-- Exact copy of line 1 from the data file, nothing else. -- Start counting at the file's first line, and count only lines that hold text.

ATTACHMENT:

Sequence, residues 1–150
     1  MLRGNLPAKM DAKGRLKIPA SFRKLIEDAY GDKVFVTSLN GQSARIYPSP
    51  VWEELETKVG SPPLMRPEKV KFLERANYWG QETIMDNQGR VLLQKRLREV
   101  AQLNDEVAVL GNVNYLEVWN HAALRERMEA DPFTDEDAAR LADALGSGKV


Sequence, residues 1–150